If Startups Ran The Government

Posted on by Brian Hertzog

Here's a link to the Affordable Care Act.  2,409 pages--all of it completely necessary of course. 

On Tuesday, October 1, the government officially argued itself into shutdown.  There are times when I feel extremely proud to be American, cue Beyonce.  This isn't one of those times.  According to astrophysicist Niel Degrasse Tyson, 57% of senate site their profession as law.  If you're trying to win cases, this is great, but if you're trying to get shit done--don't look to congress for a speedy solution.

With 10% of government, (cough cough Tea Party) holding the other 90% hostage, what can you do?  Unfortunately, I don't have an answer, and even if I did, it looks like it would take years before anything would be made official, almost as long as, oh I don't know, say a term in office.  But in all seriousness, how do you end up with 2409 pages?  Does anyone have sympathy for the lawyers who have to read this document?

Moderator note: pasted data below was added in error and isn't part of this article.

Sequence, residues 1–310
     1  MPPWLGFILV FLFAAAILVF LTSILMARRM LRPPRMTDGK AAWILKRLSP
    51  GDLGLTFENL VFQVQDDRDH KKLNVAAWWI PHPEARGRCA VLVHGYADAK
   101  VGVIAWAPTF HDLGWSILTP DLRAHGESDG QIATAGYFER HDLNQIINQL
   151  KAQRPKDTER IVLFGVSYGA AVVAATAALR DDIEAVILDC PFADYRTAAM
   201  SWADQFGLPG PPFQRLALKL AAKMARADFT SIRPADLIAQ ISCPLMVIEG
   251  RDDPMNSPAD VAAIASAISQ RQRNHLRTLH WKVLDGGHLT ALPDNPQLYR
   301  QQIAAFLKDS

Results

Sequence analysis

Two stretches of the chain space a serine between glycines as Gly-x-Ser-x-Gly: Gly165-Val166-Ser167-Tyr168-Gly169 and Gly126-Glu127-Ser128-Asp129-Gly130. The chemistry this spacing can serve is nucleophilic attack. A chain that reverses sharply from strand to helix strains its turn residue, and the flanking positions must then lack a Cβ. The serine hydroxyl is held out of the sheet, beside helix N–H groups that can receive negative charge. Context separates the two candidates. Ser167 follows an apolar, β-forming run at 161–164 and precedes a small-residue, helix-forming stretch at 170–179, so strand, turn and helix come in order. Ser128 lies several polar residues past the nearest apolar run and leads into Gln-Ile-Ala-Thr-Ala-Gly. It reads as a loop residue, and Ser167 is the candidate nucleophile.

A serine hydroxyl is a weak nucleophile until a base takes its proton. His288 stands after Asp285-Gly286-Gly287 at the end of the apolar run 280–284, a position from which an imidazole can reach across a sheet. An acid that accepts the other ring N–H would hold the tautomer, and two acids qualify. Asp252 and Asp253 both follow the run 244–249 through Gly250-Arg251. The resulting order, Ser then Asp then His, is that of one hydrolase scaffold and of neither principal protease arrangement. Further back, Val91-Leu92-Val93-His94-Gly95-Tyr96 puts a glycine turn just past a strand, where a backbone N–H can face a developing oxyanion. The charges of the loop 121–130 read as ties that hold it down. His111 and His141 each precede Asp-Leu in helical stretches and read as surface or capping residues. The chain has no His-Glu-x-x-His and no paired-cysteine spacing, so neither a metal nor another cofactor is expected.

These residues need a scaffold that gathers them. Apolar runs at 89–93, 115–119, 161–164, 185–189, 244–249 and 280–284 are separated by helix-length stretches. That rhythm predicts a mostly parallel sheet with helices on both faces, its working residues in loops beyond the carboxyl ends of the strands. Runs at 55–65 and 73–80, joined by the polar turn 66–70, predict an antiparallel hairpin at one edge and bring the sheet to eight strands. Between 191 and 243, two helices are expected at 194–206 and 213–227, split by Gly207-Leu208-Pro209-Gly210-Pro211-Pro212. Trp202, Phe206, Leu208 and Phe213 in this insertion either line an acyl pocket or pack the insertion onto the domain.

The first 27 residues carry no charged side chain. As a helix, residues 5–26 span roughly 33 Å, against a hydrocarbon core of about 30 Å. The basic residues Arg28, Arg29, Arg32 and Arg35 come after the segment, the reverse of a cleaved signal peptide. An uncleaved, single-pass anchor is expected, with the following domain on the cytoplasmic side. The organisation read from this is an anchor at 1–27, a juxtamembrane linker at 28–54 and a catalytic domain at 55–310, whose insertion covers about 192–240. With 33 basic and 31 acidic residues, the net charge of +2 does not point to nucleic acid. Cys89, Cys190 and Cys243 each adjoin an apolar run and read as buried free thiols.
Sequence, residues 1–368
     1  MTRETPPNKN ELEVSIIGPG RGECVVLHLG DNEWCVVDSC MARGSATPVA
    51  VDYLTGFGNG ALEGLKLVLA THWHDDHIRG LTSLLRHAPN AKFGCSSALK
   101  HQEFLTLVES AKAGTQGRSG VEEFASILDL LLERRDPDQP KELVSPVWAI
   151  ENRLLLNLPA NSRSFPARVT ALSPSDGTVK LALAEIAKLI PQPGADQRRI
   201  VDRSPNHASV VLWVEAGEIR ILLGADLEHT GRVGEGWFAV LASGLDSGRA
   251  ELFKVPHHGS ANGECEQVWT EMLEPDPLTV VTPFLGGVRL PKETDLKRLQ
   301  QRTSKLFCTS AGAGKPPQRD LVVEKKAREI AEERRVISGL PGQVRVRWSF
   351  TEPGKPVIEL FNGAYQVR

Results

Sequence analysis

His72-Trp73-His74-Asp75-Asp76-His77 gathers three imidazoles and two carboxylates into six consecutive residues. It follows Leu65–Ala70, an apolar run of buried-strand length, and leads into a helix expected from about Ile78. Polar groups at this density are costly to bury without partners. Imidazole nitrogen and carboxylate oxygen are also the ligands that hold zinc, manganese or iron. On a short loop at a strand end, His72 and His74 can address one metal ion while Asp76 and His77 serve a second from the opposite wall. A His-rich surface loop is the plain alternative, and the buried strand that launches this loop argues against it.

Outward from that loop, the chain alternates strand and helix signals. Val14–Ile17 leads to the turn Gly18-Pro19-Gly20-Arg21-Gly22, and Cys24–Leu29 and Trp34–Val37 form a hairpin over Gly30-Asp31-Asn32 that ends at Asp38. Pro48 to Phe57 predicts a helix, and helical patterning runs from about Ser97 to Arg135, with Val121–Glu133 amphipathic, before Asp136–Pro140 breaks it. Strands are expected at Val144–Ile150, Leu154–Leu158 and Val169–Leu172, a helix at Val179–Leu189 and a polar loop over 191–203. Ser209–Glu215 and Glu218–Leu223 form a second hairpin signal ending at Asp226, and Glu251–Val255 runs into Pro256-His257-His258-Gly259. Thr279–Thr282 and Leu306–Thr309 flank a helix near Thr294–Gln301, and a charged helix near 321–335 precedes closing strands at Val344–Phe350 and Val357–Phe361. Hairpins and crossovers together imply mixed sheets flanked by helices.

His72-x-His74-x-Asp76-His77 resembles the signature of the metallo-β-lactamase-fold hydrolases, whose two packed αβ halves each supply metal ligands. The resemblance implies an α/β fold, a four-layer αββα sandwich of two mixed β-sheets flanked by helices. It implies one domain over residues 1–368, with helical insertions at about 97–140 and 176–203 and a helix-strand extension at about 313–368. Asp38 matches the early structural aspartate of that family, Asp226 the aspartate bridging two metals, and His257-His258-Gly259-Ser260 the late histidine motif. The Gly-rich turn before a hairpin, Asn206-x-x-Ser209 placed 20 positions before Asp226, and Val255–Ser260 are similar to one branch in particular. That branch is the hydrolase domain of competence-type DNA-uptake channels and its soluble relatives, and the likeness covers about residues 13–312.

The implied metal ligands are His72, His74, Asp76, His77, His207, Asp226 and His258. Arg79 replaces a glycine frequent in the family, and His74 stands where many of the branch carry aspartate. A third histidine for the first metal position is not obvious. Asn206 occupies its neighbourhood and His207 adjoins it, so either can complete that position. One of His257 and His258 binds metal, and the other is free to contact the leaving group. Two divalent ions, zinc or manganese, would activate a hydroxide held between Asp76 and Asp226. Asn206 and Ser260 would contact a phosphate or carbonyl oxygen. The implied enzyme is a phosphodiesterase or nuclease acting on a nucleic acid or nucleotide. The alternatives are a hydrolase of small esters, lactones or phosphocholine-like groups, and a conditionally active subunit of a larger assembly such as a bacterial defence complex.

Here's how a startup would run things.  Startups operate on a "lean mentality".  They have small budgets, and if they run themselves into debt, guess what?  Game over.  So to function you have to be agile and crafty--especially when shipping products.  I asked one of my good friends, Amron, who is a brilliant programmer if he would comment on how developers ship their code.   This is what he said: